Tread carefully on tragedy

tragedyWhen our country endures a tragedy like the Parkland shooting or a natural disaster like the volcanic eruptions in Hawaii, we get completely wrapped up in the stories, the people, and the emotions. We want to show our concern, to connect with each other to mourn together and, of course, we want to do something to support the victims.

Immediately after the Parkland shooting a few months ago, we saw people changing their social media profile pictures, expressing their support and starting fundraising campaigns. Because of the nature of the tragedy we also saw a flurry of conversation about gun control, mental health and other social issues that played a role in the shooting.

As a country, we were horrified, afraid, angry, sad and struggling with our feelings of helplessness. We expressed all of those reactions for many days following the shooting.

My guess is that if your social media channels are like mine, some people expressed themselves more eloquently than others. And some, it seemed, just talked to talk, as if they didn’t want to be left out.

But the people who really touched my heart and inspired me were the ones who didn’t say very much but they did something. They donated blood or shared a link to a site collecting donations. They found a way to help and quietly did so.

Brands can probably take a lesson from that observation. After all, organizations hurt and feel compassion in the same way we do. They want to express their support as well. After all, they’re just big groups of people.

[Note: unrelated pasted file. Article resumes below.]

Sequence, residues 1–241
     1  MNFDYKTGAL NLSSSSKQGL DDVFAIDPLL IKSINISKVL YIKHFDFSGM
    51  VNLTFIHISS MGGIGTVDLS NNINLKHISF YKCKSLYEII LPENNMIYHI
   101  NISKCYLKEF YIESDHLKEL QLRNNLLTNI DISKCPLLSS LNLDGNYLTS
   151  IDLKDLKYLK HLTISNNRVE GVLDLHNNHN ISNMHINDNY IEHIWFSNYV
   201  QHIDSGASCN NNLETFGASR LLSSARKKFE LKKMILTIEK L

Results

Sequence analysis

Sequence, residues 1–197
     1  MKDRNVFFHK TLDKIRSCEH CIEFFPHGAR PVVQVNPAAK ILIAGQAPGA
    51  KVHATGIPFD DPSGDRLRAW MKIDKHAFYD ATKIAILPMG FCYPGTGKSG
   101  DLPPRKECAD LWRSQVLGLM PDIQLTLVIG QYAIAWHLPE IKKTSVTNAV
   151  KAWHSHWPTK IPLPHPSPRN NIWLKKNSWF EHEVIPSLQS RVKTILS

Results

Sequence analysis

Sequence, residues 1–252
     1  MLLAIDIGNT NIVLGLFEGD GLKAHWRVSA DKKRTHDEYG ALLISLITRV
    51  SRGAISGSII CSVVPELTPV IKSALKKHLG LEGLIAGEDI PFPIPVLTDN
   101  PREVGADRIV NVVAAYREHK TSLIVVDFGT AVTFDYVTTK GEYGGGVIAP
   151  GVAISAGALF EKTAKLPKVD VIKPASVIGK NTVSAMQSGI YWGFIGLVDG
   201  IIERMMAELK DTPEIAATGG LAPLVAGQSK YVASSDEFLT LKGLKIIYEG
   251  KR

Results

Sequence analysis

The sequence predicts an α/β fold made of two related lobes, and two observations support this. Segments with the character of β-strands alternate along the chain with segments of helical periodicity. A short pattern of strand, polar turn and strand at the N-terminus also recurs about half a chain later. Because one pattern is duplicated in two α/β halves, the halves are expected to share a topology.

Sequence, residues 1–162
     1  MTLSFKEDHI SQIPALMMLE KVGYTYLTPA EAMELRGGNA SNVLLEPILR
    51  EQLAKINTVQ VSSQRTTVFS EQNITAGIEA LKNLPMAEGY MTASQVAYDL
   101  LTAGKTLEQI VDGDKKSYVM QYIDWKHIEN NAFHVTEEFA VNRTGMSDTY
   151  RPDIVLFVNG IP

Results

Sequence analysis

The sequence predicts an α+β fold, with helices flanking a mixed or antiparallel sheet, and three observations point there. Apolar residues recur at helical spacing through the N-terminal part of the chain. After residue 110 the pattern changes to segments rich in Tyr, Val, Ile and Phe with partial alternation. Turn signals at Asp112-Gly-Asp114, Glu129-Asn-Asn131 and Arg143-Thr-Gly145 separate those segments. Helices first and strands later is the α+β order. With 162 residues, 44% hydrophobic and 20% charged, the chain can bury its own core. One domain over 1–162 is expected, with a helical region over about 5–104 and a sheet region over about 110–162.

Much like our friends and family – some companies express their support better than others. There’s a thin line between solidarity and trying to capitalize on a tragedy to position your brand/organization in a good light.

Don’t get me wrong. I think it’s very bad form for any organization to use a crisis or tragedy as a marketing tactic. But you sure don’t want your well-intentioned gesture or words to be labeled as self-serving or an attempt to capitalize on a tragedy.

If your company wants to conduct itself in a way that’s above reproach, follow these guidelines.

Say very little, do something meaningful: JetBlue offered free flights to/from Parkland, FL for the families of the victims while Delta Airlines offered free flights to the Washington, D.C. march that many victims and their families attended. Local restaurants donated food feeding the family and friends of the victims and the injured at hospitals, churches and at their homes. Organizations like Bank of America, Wells Fargo, Macy’s, AutoNation and Cigna all donated hundreds of thousands of dollars without any fanfare.

Mourn together: Nickelodeon and MTV – the networks of legions of children and teenagers – went off the air for 17 minutes to honor those killed in the Parkland shooting.

Show your support: Many companies and entities lowered their flags to half-staff and donned ribbons in the colors of Marjorie Stoneman Douglas High School – maroon and white.

Help others offer a helping hand: Professionals United for Parkland – an all-volunteer group of more than 250 licensed mental health workers provided free counseling via their referral hotline 24/7 for as long as necessary to anyone in South Florida affected by the shooting.

These companies all showed their compassion and humanity. It’s worth noting that none of their gestures required a lot of talk. In times of tragedy and when people are hurting, actions definitely speak louder than words.

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